Washington, DC–(ENEWSPF)–October 23, 2015. NASA satellites and instruments have been monitoring the record-breaking Hurricane Patricia as it rapidly intensified off the southwestern coast of Mexico on October 23. NASA-NOAA’s Suomi NPP saw frigid cloud top temperatures, NOAA’s GOES-West satellite provided imagery and animations that showed the extent of the storm, NASA’s Terra satellite provided visible data, and the RapidScat instrument aboard the International Space Station measured its surface winds.
When NASA-NOAA’s Suomi NPP satellite passed over Patricia on October 23 at 5:20 a.m. EDT the VIIRS instrument that flies aboard Suomi NPP looked at the storm in infrared light. Cloud top temperatures of thunderstorms around the eyewall were between 180K (-135.7F/ -93.1C) and 190 Kelvin (-117.7F/ -83.1C).
Credits: UW/CIMSS/William Straka III
Suomi NPP Satellite Sees Frigid High Clouds
When NASA-NOAA’s Suomi NPP satellite passed over Patricia on October 23 at 5:20 a.m. EDT the Visible Infrared Imaging Radiometer Suite or VIIRS instrument that flies aboard Suomi NPP looked at the storm in infrared light. “Cloud top temperatures of thunderstorms around the eyewall were between 180K (-135.7F/ -93.1C) and 190 Kelvin (-117.7F/ -83.1C),” said William Straka III of the University of Wisconsin, Madison. “Then, as you go into the eye itself, it gets warmer.”
The higher the cloud tops, the colder they are as temperatures get colder with altitude in the troposphere. Storms with cloud top temperatures that cold have the capability of generating heavy rainfall.
GOES Satellite Animation Shows Rapid Intensification
On October 22, Patricia was a Category one hurricane. By 8 a.m. EDT on October 23, 2015, the National Hurricane Center reported Patricia became the strongest eastern north pacific hurricane on record with sustained winds near 200 mph.
An animation of images captured from October 20 to 23 from NOAA’s GOES-West satellite showed Hurricane Patricia intensify within 24 hours and develop a clear eye near the coast of western Mexico. The animation was created at NASA/NOAA GOES Project at NASA’s Goddard Space Flight Center, Greenbelt, Maryland.
On Oct. 23 at 17:30 UTC (1:30 p.m. EDT) NASA’s Terra satellite saw the eastern quadrant of Hurricane Patricia over Mexico and the storm’s pinhole eye. Credits: NASA’s Goddard MODIS Rapid Response Team
NASA’s Terra Satellite Sees Northeastern Quadrant Already Over Mexico
On Oct. 23 at 17:30 UTC (1:30 p.m. EDT) the Moderate Resolution Imaging Spectroradiometer instrument aboard NASA’s Terra satellite saw the eastern quadrant of Hurricane Patricia over Mexico and the storm’s pinhole eye.
Watches and Warnings on October 23, 2015
A Hurricane Warning is in effect from San Blas to Punta San Telmo and a Hurricane Watch is in effect from east of Punta San Telmo to Lazaro Cardenas. A Tropical Storm Warning is in effect from east of Punta San Telmo to Lazaro Cardenas and north of San Blas to El Roblito.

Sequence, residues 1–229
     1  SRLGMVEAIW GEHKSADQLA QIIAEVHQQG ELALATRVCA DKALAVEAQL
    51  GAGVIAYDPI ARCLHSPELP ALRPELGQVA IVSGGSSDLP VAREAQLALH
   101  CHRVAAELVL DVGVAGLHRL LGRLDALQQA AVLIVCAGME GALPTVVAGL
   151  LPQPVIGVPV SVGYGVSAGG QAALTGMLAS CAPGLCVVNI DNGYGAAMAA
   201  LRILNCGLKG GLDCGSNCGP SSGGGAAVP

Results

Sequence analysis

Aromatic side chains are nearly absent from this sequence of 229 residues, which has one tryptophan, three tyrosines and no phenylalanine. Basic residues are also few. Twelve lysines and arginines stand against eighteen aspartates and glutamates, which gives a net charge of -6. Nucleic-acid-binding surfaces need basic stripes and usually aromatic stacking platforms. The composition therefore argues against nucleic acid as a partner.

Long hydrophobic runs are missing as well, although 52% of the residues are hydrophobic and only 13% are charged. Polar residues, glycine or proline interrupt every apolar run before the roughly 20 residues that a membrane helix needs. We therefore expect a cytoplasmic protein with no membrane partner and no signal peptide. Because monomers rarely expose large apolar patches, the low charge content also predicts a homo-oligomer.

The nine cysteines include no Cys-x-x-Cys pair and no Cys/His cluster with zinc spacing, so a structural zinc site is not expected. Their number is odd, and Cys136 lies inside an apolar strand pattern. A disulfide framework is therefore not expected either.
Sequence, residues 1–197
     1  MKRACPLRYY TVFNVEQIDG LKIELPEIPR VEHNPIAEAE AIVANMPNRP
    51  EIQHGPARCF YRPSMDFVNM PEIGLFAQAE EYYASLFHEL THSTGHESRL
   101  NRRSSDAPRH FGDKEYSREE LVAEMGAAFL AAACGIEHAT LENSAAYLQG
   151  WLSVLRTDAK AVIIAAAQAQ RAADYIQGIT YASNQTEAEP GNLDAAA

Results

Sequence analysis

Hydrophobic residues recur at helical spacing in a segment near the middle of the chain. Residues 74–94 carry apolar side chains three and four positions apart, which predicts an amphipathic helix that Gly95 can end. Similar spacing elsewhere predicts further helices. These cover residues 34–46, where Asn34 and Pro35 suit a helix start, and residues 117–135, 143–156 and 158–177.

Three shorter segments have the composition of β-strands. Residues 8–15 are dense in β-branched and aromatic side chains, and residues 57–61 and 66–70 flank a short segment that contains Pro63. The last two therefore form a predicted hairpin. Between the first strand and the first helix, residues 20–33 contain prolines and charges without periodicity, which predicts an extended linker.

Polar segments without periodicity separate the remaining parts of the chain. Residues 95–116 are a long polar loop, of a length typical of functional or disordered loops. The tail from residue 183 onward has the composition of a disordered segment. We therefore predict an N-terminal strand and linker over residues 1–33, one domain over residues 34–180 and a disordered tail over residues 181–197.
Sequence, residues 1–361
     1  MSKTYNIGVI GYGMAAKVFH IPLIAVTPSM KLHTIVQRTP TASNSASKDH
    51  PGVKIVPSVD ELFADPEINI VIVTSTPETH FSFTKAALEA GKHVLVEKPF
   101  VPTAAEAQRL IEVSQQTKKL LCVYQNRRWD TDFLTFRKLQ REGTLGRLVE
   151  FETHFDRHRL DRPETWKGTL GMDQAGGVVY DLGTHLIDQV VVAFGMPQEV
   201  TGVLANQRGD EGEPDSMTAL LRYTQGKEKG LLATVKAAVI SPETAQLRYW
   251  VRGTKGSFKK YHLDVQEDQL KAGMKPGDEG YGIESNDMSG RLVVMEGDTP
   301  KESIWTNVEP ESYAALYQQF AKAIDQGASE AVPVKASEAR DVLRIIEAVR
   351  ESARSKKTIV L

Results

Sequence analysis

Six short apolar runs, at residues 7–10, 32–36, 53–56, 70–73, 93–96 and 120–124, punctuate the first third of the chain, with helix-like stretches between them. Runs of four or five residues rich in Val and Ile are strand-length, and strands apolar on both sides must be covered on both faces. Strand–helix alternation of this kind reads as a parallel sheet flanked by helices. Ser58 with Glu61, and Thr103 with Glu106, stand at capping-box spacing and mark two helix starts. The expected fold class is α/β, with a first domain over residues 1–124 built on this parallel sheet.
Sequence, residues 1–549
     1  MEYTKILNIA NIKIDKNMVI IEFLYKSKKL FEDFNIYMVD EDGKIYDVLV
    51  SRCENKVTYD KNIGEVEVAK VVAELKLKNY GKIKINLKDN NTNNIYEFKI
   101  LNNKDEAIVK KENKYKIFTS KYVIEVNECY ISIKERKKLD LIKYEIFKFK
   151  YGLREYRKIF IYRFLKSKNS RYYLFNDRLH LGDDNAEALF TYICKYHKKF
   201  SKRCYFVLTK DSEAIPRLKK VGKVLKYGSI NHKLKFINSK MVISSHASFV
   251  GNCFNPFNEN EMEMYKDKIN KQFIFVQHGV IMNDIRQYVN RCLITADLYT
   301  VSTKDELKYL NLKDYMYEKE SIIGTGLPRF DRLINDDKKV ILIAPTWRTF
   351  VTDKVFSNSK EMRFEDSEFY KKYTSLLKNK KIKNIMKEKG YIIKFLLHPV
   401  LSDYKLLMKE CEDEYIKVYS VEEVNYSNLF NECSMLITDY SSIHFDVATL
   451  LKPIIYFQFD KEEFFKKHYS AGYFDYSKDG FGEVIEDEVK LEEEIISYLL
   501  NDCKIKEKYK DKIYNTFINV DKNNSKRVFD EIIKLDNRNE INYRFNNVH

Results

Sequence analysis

Two Records Broken
The National Hurricane Center reported that Patricia is the strongest hurricane on record in the National Hurricane Center’s area of responsibility (AOR) which includes the Atlantic and the eastern North Pacific basins. The minimum central pressure estimated from the aircraft data, 880 millibars, is the lowest ever for our AOR. The National Hurricane Center noted “It seems incredible that even more strengthening could occur before landfall later today [October 23]. The official forecast shows only a little more strengthening before landfall.”
This visible image of Hurricane Patricia was taken from NOAA’s GOES-West satellite at 1745 UTC (1:45 p.m. EDT) as it headed for landfall along the western coast of Mexico. Credits: NASA/NOAA GOES Project
Status of Hurricane Patricia on October 23 at 2 p.m. EDT
At 2 p.m. EDT (1800 UTC) on October 23, the center of Hurricane Patricia was located near latitude 18.2 North, longitude 105.3 West. Patricia was moving toward the north near 12 mph (19 kph). On the forecast track, the center of Patricia should cross the coast in the hurricane warning area during the next several hours. After landfall, the center of Patricia is expected to move quickly north-northeastward across western and northern Mexico.
Reports from a NOAA Hurricane Hunter aircraft indicate that maximum sustained winds remain near 200 mph (325 kph) with higher gusts. Patricia is a category 5 hurricane on the Saffir-Simpson Hurricane
Wind Scale. Patricia is expected to remain an extremely dangerous category 5 hurricane through landfall. After landfall, Patricia is forecast to rapidly weaken over the mountains of Mexico. Hurricane force winds extend outward up to 35 miles (55 km) from the center and tropical storm force winds extend outward up to 175 miles (280 km). The minimum central pressure estimated from the NOAA aircraft data was 879 millibars.
Landfall Expected at Night, October 23/Early October 24 as a Category 5
Forecaster Beven of the National Hurricane Center stated in a discussion that Patricia is expected to make landfall as a Category 5 hurricane in southwestern Mexico in less than 12 hours. After landfall, a combination of the mountainous terrain of Mexico and increasing shear should cause the cyclone to rapidly weaken, with the system likely to dissipate completely after 36 hours.
Despite dissipation, the National Hurricane Center said that development of another low pressure area is expected to draw significant amounts of moisture from Patricia’s remnants, and could result in locally heavy rainfall over portions of the northwestern Gulf of Mexico coastal area within the next few days.
For updated forecasts, watches and warnings, visit: www.nhc.noaa.gov.